You must have heard about the Ways and Means Advances if you are regularly following Economy and Finance news. You surely must have wondered about what are these and who advances them and to whom. in this blog post, let us know all about the ins & outs of Ways and Means Advances and understand everything about them.
What are Ways and Means Advances?
Ways and Means Advances:
- It is a scheme that helps meet mismatches in receipts and payments of the government. Under this scheme government can avail itself of immediate cash from RBI.
- The Reserve Bank of India (RBI) gives temporary loan facilities to the central and state governments. This loan facility is called Ways and Means Advances (WMA).
- The Ways and Means Advances scheme was introduced in 1997.
- The government can avail immediate cash from the RBI if required. But it has to return the amount within 90 days. Interest is charged at the existing repo rate.
- If the WMA exceeds 90 days, it would be treated as an overdraft, which is not allowed beyond 10 consecutive working days (interest rate on overdrafts is 2 percentage points more than the repo rate).
WMA Scheme for State Governments
- Under Section 17(5) of the RBI Act, 1934, the RBI provides Ways and Means Advances (WMA) to the States banking with it to help them to tide over temporary mismatches in the cash flow of their receipts and payments.
- Under the WMA scheme for the State Governments, there are two types of
- WMA – Special
- Normal WMA.
- Special WMA is extended against the collateral (mortgaging) of the government securities held by the State Government.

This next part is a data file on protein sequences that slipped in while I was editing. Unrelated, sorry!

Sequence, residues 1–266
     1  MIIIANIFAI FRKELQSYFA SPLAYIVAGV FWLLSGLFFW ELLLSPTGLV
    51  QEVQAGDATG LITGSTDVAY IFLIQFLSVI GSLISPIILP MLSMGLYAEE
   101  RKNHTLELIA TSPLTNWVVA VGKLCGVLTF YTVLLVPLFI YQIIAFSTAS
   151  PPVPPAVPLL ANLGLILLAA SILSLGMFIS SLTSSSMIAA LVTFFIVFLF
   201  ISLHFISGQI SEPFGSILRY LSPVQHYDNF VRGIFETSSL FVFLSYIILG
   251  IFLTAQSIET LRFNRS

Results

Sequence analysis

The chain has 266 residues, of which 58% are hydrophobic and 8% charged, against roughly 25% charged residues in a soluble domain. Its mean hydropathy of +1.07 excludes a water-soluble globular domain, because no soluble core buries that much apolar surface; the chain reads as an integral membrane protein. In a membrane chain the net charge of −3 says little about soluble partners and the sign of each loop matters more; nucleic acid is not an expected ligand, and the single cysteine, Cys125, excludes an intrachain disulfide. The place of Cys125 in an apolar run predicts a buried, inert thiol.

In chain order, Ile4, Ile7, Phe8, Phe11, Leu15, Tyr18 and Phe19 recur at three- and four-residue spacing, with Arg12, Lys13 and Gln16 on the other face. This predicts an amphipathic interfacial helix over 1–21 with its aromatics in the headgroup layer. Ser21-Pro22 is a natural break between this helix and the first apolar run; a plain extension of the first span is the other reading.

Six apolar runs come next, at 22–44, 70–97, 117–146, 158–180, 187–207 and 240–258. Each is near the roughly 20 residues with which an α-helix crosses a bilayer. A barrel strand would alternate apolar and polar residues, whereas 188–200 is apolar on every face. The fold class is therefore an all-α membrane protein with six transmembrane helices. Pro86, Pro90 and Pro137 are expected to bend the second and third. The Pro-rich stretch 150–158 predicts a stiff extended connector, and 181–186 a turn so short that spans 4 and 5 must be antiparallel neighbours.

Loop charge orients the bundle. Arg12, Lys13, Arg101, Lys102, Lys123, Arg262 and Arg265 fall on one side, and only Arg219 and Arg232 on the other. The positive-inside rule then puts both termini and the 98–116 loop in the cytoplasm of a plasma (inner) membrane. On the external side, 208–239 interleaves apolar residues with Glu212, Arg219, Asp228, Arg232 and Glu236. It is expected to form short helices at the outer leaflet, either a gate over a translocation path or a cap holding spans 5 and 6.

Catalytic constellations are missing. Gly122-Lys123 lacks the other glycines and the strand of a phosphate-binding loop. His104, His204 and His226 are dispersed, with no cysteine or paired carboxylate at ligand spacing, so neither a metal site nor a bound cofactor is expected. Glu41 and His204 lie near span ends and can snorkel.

- After the exhaustion of the special WMA limit, the State Government is provided a normal WMA. The normal WMA limits are based on a three-year average of actual revenue and capital expenditure of the state. The withdrawal above the WMA limit is considered an overdraft.
- A State Government account can be in overdraft for a maximum of 14 consecutive working days with a limit of 36 days in a quarter.
- The rate of interest in WMA is linked to the Repo Rate. Surplus balances of State Governments are invested in Government of India 14-day Intermediate Treasury bills in accordance with the instructions of the State Governments.
Latest Changes in Ways & Means Advances
- The Reserve Bank of India (RBI), in consultation with the Government of India, has revised the limit for Ways and Means Advances (WMA) for the remaining part of the first half of FY21 (April 2020 to September 2020) to ₹2-lakh crore.
- On March 31, the WMA limit for the first half of FY21 (April 2020 to September 2020) was upped to ₹1.20-lakh crore against ₹75,000 crores in the year-ago period.
- The Reserve Bank of India (RBI) announced a 60% increase in the Ways and Means Advances (WMA) limit of state governments over and above the level as on March 31, with a view to enabling them “to undertake COVID-19 containment and mitigation efforts” and “to better plan their market borrowings.
- For the states, the aggregate WMA limit was Rs 32,225 crore till March 31, 2020. On April 1, the RBI announced a 30% hike in this limit, which has now been enhanced to 60%, taking it to Rs 51,560 crore. The higher limit will be valid until September 30. The central bank, on April 7, also extended the period for which a state can be in overdraft from 14 to 21 consecutive working days, and from 36 to 50 working days during a quarter.
Source: Business Standard, Financial Express and Indian Express
We hope that now the term ways and means advances is well understood to you. Keep visiting Olivbeoard for more such informative content.
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